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Monday, 27 July 2015

Famous Horses in History

From his boyhood days, Alexander the Great had a beautiful dark colored horse called Bucephalus whom he loved riding. Bucephalus was a stallion of high temper that no one could tame, until the ten-year-old prince succeeded by turning the horse's head into the sun as he'd noticed the stallion's own shadow was upsetting it. Alexander went on to teach the great horse to kneel so that his master could mount him in full armour. Bucephalus served him until his death after the Battle of the Hydaspes in what is now Pakistan in 326BC .

The Roman Emperor Caligula raised his favorite horse Incitatus to the rank of senator. When he died, it was deprived of its privileges

The horse on which Lady Godiva is said to have ridden naked through Coventry was named Aethenoth, which means 'Noble Audacity.'

When Hernando Cortés' horse, El Morzillo fell sick in 1524 and was left with the Maya Indians, they worshiped him as a new god. They had never seen a horse before the Conquistadors arrived and rode on deer. The Aztecs were so struck with horror at the sight of Cortés' mounted soldiers that believing they were confronted with divine creatures they felt it futile to resist them.

The most famous trained animal of Shakespeare's day was the bay horse Morocco, shown by John Banks; as exhibited in the yard of the Belle Sauvage, London, it returned gloves to their owners, told the number of coins, and danced (warranting a mention in Love's Labour's Lost).

King William III had a horse called Sorrell who was blind in one eye. When Sorrell stumbled over a mole hill in Hampton Court Park, the English king fell off on breaking his collar bone. A fortnight later he died from his injuries.

The oldest horse recorded was Old Billy who was foaled in 1760 and died in 1822 at the age of 62.

Potoooooooo (1773-1800) was one of the greatest racehorses of all time. He acquired the unique name because his stable lad didn’t know how to spell potato.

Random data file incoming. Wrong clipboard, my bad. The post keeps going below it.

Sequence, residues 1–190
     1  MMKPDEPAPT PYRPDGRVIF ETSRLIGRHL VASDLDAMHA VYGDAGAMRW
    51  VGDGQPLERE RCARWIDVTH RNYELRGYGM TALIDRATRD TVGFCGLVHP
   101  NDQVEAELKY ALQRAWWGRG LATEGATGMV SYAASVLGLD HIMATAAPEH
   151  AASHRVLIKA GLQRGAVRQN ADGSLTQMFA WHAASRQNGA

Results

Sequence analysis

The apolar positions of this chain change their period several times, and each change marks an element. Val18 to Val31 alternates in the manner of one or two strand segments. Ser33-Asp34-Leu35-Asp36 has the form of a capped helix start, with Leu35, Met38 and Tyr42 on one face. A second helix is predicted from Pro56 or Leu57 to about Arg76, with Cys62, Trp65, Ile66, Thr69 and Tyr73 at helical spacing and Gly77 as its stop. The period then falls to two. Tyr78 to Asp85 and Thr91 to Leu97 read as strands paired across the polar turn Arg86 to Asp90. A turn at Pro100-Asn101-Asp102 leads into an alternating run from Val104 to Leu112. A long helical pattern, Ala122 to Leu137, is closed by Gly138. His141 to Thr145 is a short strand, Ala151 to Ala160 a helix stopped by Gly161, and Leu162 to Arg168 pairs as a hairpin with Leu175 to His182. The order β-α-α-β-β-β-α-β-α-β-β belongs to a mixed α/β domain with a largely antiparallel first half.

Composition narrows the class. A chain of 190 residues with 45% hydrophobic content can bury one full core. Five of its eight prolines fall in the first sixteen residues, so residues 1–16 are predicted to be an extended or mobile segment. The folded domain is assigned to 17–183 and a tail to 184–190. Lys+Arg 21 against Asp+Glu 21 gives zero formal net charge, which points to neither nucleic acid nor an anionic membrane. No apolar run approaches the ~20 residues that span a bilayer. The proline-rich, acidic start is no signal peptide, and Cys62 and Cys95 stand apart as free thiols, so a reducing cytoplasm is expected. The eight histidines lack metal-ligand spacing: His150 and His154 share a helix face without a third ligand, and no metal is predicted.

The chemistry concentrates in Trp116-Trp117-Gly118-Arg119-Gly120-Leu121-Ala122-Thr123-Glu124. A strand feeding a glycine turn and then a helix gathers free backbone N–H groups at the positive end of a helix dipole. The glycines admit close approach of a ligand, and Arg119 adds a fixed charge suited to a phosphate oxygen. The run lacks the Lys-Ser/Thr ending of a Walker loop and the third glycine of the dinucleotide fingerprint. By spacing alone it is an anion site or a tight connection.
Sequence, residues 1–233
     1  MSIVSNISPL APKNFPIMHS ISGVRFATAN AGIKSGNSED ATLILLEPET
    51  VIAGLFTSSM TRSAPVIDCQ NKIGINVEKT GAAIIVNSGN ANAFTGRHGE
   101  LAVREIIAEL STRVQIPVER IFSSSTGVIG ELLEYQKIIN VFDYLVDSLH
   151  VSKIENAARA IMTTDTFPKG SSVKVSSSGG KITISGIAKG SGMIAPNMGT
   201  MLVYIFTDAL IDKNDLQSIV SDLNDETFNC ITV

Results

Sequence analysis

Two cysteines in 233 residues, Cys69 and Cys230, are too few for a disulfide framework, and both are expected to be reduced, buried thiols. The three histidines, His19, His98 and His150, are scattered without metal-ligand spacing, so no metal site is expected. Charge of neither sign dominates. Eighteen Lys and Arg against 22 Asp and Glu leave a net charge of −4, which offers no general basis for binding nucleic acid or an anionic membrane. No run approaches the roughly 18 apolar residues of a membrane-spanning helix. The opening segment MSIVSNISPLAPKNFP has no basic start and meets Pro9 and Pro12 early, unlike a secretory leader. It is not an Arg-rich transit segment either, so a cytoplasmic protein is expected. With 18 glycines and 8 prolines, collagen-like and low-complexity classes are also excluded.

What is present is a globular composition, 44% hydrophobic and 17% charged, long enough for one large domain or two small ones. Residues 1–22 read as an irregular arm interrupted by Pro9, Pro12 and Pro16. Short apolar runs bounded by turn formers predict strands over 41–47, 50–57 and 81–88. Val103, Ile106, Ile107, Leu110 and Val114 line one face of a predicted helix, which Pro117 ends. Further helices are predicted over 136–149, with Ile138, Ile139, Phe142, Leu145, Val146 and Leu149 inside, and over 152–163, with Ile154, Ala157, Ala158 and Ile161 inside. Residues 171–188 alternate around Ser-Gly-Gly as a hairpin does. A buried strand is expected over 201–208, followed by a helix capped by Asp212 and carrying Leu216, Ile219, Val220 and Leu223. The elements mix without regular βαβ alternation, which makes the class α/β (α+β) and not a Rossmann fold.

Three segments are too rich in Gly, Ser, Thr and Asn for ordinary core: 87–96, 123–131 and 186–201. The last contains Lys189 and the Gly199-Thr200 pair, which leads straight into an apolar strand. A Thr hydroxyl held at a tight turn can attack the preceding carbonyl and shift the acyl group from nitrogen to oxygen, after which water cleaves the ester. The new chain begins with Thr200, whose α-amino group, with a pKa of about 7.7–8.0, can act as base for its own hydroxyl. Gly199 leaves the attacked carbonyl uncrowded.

Napoleon's favorite was a white Barbary Egyptian horse called Marengo (1793-1831). He was named after the 1800 Battle of Marengo where his performance had impressed Napoleon.

Napoleon Crossing the Alps painted by Jacques-Louis David. The horse in the painting is believed to be Marengo.

Marengo was wounded eight times in his career, and carried the Emperor in the Battle of Austerlitz, Battle of Jena-Auerstedt, Battle of Wagram, and Battle of Waterloo.

The French emperor was still riding it at Waterloo and Marengo outlived Napoleon after he was captured by the British and brought to London.

Copenhagen was the Duke of Wellington's war horse, which he most famously rode at the Battle of Waterloo. He was a three-quarter Thoroughbred, one-quarter Arabian. Copenhagen died on February 12, 1836 at the age of 28 from eating too many sponge cakes, bath buns and chocolate creams.

Copenhagen as painted in his retirement by Samuel Spode.

Anna Sewell's classic animal welfare novel Black Beauty was published on November 24, 1877. It tells the life story of the titular horse named Black Beauty, beginning with his carefree days as a colt on an English farm with his mother, to his difficult life pulling cabs in London, to his happy retirement in the country. The book played a key part in the successful campaign to abolish the check-rein, a strap which stopped a horse from lowering its head.

Source Compton's Interactive Encyclopedia © 1998 The Learning Company, Inc.

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